By Ankit Mahajan
How many of us would like to shop online?
Nearly 71% of surveyed consumers in UK and 61% in US shop online and spend more than half their holiday shopping budget online, according to a research by Wipro Digital- the digital transformation business of Wipro Ltd. This is a significant increase over the last few years when 30-40 45% consumer use to shop online.
This trend is set to continue with half of the surveyed consumers in US and UK saying that they plan to do more shopping, online in the 2015 holiday season, as compared to just 6% in UK and 4% in US who plan to increase their in-store shopping.
“Consumers continue their steady march online, finding few reasons to shop in-store rather than online for their holiday shopping,” said Avinash Rao, Global Head, Wipro Digital. “But even online, omnichannel retailers are losing customers to internet pure-plays. Bricks and mortar retailers are having difficulty delivering on the benefits of omnichannel retailing.”
The research also found that consumers are spending more online than in-store when it comes to holiday shopping. UK consumers spent an average of £292 online compared to £179 in-store this holiday season. In the US, online purchases averaged $400 and in-store $302.
This trend to shop online is being driven by three factors: greater convenience, better prices and ease of use. Online pure play retailers are the big winners of this shift. 44% of UK and 47% of US shoppers report doing more than half their online shopping on such sites. A quarter of the shoppers are not even considering bricks and mortar retailers’ websites while more than half are not visiting manufacturers’ ‘direct-to-consumer’ websites either.
However, shipping costs associated with online shopping are a concern for consumers, according to the research. Nearly half of the consumers hope not to pay shipping charges next year – the most important change consumers expect in the 2015 holiday season.
“Shipping is the Achilles’ heel of online shopping,” said Rao. “If online pure plays are unable to offer free shipping on every order and consumers worry that they will not receive their purchases in-time, bricks and mortar retailers may be able to regain some of their lost customers next year.”
Even when consumers browse both online and in a store, many choose to go back online to make their purchase. 34% of UK consumers and 33% of US consumers reported this multi-channel experience. ‘There is no doubt consumers are interacting with brands across both the online and in-store channels,” according to Rao. He went on to say “But omnichannel retailers are missing a big opportunity to capture the 1/3 of consumers who say they are researching in store but leave to buy online, ” said Rao.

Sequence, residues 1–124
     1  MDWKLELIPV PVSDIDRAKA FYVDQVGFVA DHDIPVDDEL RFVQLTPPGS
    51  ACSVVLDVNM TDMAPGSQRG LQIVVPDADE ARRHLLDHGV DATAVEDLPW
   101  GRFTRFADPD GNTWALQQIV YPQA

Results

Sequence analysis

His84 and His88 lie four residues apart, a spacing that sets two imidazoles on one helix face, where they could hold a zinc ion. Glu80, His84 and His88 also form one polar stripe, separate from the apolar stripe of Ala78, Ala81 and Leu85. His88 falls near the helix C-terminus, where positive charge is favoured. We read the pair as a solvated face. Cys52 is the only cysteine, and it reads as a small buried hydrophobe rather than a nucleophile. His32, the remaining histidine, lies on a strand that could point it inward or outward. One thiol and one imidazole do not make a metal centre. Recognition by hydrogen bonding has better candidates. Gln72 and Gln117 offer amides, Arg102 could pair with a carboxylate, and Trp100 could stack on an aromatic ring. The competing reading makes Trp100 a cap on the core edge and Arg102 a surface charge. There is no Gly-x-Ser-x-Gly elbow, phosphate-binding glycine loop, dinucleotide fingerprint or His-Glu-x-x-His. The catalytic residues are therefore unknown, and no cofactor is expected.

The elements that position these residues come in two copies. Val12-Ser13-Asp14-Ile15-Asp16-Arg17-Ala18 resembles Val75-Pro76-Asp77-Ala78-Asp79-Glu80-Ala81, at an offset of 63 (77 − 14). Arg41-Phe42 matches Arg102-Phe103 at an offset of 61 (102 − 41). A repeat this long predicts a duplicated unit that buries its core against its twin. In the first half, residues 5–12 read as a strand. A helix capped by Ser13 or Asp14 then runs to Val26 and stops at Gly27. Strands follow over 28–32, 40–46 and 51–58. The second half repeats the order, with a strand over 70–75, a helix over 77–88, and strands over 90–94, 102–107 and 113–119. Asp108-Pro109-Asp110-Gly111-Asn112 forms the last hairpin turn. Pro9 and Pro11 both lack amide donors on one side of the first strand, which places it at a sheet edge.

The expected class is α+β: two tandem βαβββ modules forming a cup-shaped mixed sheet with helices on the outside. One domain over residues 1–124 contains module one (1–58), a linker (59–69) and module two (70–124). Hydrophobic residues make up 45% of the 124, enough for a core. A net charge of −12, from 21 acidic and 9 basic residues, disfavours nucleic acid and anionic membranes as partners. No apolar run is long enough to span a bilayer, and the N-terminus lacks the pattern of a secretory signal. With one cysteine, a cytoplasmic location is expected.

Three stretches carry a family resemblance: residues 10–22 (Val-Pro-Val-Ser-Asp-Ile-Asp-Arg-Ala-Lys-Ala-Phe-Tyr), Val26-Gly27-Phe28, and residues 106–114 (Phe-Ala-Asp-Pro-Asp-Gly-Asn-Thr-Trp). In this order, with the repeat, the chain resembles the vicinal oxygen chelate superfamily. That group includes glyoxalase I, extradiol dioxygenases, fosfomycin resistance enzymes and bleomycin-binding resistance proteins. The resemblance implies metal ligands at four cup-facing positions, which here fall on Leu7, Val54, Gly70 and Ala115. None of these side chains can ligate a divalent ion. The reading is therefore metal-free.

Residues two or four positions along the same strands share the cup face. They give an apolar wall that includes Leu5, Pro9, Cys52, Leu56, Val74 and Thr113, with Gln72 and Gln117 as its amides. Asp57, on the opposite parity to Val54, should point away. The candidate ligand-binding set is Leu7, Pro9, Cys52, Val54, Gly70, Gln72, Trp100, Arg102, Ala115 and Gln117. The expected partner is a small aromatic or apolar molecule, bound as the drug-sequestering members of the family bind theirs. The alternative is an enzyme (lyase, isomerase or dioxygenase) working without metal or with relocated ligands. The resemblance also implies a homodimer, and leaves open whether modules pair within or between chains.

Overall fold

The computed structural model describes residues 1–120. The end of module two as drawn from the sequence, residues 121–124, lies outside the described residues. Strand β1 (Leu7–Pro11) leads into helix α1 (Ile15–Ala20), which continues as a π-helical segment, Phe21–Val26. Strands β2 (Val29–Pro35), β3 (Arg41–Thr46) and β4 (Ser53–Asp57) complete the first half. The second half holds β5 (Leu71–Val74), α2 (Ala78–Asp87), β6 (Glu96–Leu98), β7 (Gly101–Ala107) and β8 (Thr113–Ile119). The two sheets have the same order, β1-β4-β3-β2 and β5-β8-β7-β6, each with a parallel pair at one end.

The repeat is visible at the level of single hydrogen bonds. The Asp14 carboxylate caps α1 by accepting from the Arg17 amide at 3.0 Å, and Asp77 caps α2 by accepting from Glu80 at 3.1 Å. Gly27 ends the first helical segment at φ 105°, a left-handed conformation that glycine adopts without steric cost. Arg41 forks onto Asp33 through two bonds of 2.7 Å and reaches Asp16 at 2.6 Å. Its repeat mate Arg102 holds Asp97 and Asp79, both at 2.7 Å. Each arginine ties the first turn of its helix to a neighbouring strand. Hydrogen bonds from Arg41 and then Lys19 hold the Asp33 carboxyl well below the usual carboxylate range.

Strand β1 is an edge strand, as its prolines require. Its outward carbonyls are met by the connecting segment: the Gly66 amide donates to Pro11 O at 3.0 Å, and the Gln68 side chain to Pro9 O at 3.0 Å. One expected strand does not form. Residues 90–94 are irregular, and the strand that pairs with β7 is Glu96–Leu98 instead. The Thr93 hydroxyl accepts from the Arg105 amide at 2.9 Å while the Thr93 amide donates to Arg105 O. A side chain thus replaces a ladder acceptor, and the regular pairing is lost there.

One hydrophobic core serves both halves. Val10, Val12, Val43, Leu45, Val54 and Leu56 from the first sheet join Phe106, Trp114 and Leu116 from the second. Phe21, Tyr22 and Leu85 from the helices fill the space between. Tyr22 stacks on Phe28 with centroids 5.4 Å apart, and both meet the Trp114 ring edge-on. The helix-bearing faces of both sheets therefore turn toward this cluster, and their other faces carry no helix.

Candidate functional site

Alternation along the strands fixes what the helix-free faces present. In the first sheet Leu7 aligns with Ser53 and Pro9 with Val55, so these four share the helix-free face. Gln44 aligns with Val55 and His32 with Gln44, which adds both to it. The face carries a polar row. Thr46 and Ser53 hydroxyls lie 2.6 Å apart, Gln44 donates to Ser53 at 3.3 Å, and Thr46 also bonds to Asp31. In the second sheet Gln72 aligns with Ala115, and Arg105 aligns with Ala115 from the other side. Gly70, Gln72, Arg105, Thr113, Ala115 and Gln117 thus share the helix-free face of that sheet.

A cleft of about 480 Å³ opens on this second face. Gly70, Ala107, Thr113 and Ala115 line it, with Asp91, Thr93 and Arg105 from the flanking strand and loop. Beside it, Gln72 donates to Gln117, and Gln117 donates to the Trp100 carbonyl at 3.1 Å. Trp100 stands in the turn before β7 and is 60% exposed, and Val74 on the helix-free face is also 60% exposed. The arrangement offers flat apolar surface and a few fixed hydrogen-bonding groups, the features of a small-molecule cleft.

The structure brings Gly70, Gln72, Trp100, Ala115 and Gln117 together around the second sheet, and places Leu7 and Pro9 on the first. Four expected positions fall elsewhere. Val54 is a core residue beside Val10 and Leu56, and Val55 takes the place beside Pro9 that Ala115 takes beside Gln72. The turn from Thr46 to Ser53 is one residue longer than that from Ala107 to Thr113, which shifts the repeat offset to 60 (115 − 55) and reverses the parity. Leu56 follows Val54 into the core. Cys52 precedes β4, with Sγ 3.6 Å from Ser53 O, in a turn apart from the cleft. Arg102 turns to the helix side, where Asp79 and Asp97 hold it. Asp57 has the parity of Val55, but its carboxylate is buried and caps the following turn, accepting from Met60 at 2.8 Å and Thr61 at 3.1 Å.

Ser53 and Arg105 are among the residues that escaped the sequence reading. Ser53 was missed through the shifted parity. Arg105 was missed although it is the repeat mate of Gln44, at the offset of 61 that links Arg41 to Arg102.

Meanwhile, 39% of UK consumers and 40% of US consumers reported doing part of their shopping from a smartphone or tablet device. Of those who did, 78% of UK and 81% of US consumers used a mobile website, 76% of UK and 74% of US consumers used a full-site version and 50% of both UK and US consumers used a native app. With respect to mobile payments, only 3% of UK and 4% of US consumers reported using any form of mobile payment.
To counter this increasing trend, bricks and mortar retailers must focus on customer interactions and the benefits of physical store. “Online retailers are succeeding as they understand customer expectations and are exceptionally good at delivering against them,” said Rao. He further said, “Omnichannel retailers need to invest more in understanding and improving the customer experience journey to entice shoppers to spend more with them in-store. Customer journey engineering as an approach to understanding, designing and delivering relevant and differentiated customer experiences across all channels and touch points will help retailers reverse the trend and avoid a future when consumers are no longer visiting their stores.”